This is the first Lent in which I am requiring that all my children participate in the Fast.
In years past, I made excuses for them which ranged between everything from calcium and bone-growth issues, to protein and muscle-issues, to chocolate as calcium/protein-incentives-for-good-deeds-issues. To assuage my guilt, I was able to paint my concerns as behavior and health-mindful-mothering.
In reality I was choosing ease and convenience for myself, over demanding (or expecting) discipline from the children.
I never thought of the Fast as training up the children with food in the same way as I train them up with the rod. Nor did I ever consider that God, the Creator of all, might know the best diet for His children by the Church's prescribing a diet for them during certain times of the year.
So this Lent we are following the time-honored Orthodox Fast: no meat (yes, that includes chicken), no milk or milk-products, no butter or cheese, no eggs, and no fish (or creatures with backbones (which include snakes, frogs and turtles--but not snails, if you're so inclined)). On the days we've encountered that are strict fast days, I've not pushed meals, and I have waited for them to ask for something to eat. It's amazing how long the children will go without food if I keep them occupied with Legos in the morning.
The first week there was open rebellion from LMark. He tried to use all the excuses I had been using over the years: "MOM! I'm a little kid!" "MOM! I need eggs for my muscles!"
Then, he just became calmly belligerent: "Mom, you can't make me fast. You can't make me fast, you know..." His tone of voice was so like his father's that I almost felt like I had to obey. Then it finally struck me as so funny. I just replied, "OK Mark. You know? I have chicken in the freezer. I tell you what. You just go home, thaw it, and fry yourself some, OK?--How about you just run to the store and get yourself some cheese too?"
One Sunday we were passing McDonalds on our way home from church. He had chosen to skip our coffee hour meal because he didn't like the food being served. He suddenly curled up, groaning how hungry he was. "But you have to stop! I'm starving to death!" I must have been inspired by my earlier "fried chicken" joke, because I laughed and said, "Watch me not stop! Whoops! I passed it! No burgers today! Guess what? It's Lent!"
But seriously, I have talked to them about something I read before Lent which struck me, "Our problem is that we do not look at the essence of the fast as a freewill act of love for God." I never thought of it this way before. I can do my best to obey the commandments and to love my neighbor all year long. But the Great Fast is one way I can simply obey.
I have also reminded them: "You know the basket we have at Pascha? Everything you don't eat during Lent, gets to go in this basket: butter, cheeses, chocolates, sausages, ham, eggs, bacon--maybe also Cheez-Its, Doritos and BBQ. If you eat this good stuff all Lent-long, what are you going to put in your basket? You might end up having potatoes and beans in your basket on Pascha because you didn't want to eat them during Lent! It would be like finding coal in your stocking on Christmas morning!"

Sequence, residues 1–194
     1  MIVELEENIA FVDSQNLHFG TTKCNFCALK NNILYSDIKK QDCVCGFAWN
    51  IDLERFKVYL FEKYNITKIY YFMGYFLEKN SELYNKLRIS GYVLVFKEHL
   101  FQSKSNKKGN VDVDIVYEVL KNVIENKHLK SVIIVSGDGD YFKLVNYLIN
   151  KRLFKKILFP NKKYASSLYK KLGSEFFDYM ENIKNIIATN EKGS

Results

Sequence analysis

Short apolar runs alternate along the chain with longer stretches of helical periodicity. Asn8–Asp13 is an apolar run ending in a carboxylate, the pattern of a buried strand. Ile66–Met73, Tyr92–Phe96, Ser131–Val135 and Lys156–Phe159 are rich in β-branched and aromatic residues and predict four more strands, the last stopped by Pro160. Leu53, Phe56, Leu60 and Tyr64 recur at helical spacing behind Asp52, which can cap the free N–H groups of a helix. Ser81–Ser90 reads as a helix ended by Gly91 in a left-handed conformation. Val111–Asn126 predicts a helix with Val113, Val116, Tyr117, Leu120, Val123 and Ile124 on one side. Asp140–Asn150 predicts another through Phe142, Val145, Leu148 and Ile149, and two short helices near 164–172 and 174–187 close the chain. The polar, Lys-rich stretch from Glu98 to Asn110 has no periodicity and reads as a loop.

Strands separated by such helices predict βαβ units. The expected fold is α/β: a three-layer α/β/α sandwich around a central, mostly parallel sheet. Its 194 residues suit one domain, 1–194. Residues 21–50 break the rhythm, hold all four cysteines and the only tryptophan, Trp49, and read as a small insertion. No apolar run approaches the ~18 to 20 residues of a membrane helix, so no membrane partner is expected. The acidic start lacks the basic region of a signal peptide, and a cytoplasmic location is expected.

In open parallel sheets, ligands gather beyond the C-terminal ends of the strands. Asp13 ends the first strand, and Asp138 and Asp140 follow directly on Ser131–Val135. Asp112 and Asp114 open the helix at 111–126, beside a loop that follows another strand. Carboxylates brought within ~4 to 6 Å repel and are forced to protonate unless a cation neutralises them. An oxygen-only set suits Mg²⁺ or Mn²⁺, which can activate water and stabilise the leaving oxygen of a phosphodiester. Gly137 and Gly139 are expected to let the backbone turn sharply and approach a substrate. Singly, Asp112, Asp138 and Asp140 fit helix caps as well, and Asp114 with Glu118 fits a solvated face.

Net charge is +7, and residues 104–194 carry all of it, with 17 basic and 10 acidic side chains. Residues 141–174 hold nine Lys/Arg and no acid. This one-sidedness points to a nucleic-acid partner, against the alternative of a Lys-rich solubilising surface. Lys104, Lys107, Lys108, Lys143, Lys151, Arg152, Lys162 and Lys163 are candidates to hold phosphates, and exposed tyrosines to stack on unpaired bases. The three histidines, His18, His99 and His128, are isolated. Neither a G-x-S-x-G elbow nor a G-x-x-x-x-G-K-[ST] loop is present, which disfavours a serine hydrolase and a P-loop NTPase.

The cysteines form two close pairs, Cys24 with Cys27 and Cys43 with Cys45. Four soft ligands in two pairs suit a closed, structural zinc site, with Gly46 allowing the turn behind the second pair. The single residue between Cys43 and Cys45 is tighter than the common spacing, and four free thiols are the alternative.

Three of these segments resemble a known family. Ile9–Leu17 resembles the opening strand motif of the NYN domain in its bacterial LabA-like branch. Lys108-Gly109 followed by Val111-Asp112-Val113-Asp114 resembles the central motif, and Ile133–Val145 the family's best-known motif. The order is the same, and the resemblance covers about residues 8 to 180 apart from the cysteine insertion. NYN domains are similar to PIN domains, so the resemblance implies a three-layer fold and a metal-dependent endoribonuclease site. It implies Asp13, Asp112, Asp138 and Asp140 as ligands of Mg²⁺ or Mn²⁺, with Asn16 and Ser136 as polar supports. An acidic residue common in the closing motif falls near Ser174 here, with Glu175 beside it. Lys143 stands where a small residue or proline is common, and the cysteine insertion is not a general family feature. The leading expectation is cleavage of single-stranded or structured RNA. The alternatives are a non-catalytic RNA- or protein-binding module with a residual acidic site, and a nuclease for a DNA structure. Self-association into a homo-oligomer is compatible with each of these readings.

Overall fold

The result of all this was a complete surprise. They have entirely embraced the Fast--even the boys. The younger four recently went to a birthday party together. LMark was about to tell the hostess they were fasting, so they couldn't have the Little Smokies she was going to serve. He was also suspicious of the contents of the birthday cake. But Max told him not to worry about it (I've told them they are not supposed to announce that they are fasting or ask somebody to go out of their way for them). So they ate their sausages and cake (without complaint).
Since we home-school, one of the things that has always struck me about my kids is their behaving as if somebody other than me is evaluating their work. I have never told them this; they have seen me personally grade their papers. But sometimes if they don't understand something, they talk frantically as if some nameless person isn't going to appreciate their hard work or understand the answer they wrote down! As if Mr Steve himself from Math-U-See is personally going to grade their worksheets!
Maybe, by tapping into this home-school paranoia, mixing it with a little Christmas-stocking fear, and peppering it with a child-like piety, I have stumbled across something.
Regardless, in my estimation, for the Mancuso family, this is a Lenten miracle.
When we must, the kids are perfectly content when we go through the fast-food places and order only fries instead of the burger. Our grocery budget is lower than normal. We've introduced fruit and fruit-juices into our communal diet. LMark is even eating peanut butter (this is one of the two foods over the years I have "allowed" him to dislike--I allow each child to dislike two foods (which brings up a genuinely bad parenting idea I had, which I might discuss (after I solve it) in another blog-post)).
This is an accomplishment for me, to embrace a new type of "rod" wielded not only by, but upon my own self while I use it for my childrens' sake.
I doubt these events will fulfill the criteria as a miracle for the Orthodox hierarchy, if only because they (and I) know we should have been doing this all along, as have the millions of Orthodox every year, since the First Century.
Regardless, I'm looking forward to my Pascha basket, sans potatoes & beans!